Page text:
According to Michigan law, welfare recipients must report any changes in assets or income to the agency within 10 days. The department “relies on clients being forthcoming about their actual financial status. If they are not, and continue to accept benefits, they may face criminal investigation and be required to pay back those benefits,” Director Maura Corrigan said in a statement…

“I thought that they would cut me off, but since they didn’t, I thought, maybe, it was OK because I’m not working,” Clayton, 24, told WDIV when it asked whether it was appropriate for her to receive the money…

In October, Clayton walked away with $1 million in the “Make Me Rich!” lottery game show. She also bought a car…

After taking a lump sum and paying taxes, the unemployed woman said she ended up with just more than $500,000.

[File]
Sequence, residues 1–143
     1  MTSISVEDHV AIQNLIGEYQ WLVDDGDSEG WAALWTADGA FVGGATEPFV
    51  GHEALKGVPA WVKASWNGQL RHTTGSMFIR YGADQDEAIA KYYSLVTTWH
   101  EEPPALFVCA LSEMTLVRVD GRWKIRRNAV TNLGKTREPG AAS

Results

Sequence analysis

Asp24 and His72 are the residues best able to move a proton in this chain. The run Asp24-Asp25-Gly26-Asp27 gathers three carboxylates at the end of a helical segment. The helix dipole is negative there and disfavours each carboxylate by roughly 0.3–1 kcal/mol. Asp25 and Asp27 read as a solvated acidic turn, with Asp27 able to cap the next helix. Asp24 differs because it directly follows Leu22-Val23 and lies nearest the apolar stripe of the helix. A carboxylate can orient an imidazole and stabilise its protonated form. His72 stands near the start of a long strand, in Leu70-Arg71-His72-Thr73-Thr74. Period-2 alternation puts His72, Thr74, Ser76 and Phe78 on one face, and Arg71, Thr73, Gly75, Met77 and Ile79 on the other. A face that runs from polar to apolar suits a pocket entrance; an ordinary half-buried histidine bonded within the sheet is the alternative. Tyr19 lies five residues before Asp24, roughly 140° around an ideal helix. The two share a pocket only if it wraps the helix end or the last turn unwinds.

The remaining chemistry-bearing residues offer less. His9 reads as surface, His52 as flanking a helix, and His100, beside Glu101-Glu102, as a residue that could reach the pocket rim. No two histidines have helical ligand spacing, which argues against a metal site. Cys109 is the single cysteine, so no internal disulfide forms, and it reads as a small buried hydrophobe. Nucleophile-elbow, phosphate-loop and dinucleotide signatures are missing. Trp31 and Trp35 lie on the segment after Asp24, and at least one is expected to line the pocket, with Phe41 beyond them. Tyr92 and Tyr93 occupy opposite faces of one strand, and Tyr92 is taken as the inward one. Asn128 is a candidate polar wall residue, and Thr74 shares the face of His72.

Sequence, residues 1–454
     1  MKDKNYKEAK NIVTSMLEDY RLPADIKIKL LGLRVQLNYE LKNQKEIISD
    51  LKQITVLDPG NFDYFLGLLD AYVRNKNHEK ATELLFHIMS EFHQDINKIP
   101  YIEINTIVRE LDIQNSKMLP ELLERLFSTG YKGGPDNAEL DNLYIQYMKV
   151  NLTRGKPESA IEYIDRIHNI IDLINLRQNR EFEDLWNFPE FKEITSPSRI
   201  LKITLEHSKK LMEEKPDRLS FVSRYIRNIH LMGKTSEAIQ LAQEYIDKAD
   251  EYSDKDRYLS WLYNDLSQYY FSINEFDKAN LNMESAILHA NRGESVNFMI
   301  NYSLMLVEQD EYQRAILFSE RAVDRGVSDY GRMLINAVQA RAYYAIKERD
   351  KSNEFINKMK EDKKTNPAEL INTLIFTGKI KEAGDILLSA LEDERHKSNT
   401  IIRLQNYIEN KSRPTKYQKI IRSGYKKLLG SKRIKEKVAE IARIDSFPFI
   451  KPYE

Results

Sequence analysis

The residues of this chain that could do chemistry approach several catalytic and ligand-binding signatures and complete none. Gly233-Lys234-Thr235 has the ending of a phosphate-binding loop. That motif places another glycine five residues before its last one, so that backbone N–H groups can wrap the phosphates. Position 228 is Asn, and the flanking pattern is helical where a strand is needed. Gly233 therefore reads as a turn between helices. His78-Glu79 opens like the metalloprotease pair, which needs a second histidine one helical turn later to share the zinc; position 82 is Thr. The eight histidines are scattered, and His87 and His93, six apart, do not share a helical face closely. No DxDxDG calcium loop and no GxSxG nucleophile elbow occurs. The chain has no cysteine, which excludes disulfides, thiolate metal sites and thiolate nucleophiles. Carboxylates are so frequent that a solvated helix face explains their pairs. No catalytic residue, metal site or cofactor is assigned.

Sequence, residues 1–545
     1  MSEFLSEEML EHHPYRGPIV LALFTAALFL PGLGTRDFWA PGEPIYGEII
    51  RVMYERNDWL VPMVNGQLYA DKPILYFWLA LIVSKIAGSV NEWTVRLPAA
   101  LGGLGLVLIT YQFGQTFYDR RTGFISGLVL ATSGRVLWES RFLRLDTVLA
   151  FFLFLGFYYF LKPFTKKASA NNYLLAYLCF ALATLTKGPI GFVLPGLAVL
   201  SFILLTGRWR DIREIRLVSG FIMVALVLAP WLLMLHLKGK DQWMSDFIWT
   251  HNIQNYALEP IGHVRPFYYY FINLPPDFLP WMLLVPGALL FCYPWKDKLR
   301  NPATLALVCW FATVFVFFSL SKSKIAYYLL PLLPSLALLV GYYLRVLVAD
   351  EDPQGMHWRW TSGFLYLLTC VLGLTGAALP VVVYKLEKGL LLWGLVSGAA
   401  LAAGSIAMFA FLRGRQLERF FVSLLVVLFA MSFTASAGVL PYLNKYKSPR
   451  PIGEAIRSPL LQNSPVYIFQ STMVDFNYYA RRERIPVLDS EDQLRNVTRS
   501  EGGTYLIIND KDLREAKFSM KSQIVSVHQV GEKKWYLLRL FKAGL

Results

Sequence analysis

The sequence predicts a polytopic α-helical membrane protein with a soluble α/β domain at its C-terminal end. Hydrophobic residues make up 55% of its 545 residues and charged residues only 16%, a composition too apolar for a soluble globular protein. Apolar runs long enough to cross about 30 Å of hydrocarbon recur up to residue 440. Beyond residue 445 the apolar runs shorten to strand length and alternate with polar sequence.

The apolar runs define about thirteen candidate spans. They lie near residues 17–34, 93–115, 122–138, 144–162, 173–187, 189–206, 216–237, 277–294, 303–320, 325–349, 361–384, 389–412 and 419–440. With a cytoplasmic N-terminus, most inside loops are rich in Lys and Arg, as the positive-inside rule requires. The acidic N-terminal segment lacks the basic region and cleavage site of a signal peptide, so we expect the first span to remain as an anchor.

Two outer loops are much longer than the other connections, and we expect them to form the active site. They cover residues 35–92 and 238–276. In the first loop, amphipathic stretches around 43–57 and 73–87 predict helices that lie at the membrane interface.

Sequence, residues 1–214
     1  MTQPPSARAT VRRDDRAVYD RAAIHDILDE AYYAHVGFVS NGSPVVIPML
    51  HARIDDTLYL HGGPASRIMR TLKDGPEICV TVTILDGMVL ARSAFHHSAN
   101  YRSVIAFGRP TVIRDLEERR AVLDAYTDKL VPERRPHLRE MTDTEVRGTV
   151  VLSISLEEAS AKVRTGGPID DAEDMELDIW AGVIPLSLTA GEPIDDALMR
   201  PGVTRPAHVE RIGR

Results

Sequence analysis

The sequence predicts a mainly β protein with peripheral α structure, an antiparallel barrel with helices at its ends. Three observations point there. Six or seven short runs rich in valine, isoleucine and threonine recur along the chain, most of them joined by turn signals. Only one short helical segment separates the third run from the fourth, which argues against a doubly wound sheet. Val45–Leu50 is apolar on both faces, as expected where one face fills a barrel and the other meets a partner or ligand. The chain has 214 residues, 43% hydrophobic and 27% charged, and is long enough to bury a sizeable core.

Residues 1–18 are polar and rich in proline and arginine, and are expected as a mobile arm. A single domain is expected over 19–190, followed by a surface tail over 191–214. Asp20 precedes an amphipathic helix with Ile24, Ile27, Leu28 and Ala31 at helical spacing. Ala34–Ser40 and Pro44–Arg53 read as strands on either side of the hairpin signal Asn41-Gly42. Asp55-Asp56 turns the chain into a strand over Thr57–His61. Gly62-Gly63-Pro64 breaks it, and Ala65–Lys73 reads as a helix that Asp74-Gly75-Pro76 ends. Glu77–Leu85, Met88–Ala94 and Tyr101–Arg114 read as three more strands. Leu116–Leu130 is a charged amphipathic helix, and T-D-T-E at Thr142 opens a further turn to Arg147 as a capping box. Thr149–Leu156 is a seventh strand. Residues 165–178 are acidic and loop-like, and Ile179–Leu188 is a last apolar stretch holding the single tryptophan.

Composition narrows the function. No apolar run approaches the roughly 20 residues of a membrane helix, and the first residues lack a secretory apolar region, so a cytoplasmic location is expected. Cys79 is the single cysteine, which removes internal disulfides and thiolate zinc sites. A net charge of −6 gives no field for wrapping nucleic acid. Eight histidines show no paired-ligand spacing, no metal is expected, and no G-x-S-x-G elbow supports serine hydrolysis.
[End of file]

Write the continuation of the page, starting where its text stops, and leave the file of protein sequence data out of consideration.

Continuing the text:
Asked if she had the right to the public assistance money, Clayton answered, “I kind of do. I have no income, and I have bills to pay. I have two houses.”

Sheesh. Somewhere inside that peabrain there are an insufficient numbers of functional synapses.

What does she think she is? An oil company?

Written by Ed Campbell

March 8, 2012 at 6:00 pm

Harassed by bill collectors, woman wins lawsuit for $1.26 million

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New Mexico State Court

A Santa Fe federal court jury has awarded a woman $1.26 million in damages from a debt-collection law firm that pursued her for three years in a case of mistaken identity.

Denver-based Farrell & Sandlin twice filed to garnish the wages of Lucinda Yazzie of Farmington — the second time despite assurances from her employer that the collectors had the wrong person — and didn’t back off until Yazzie filed her federal court lawsuit, said Rob Treinen of Albuquerque, Yazzie’s attorney.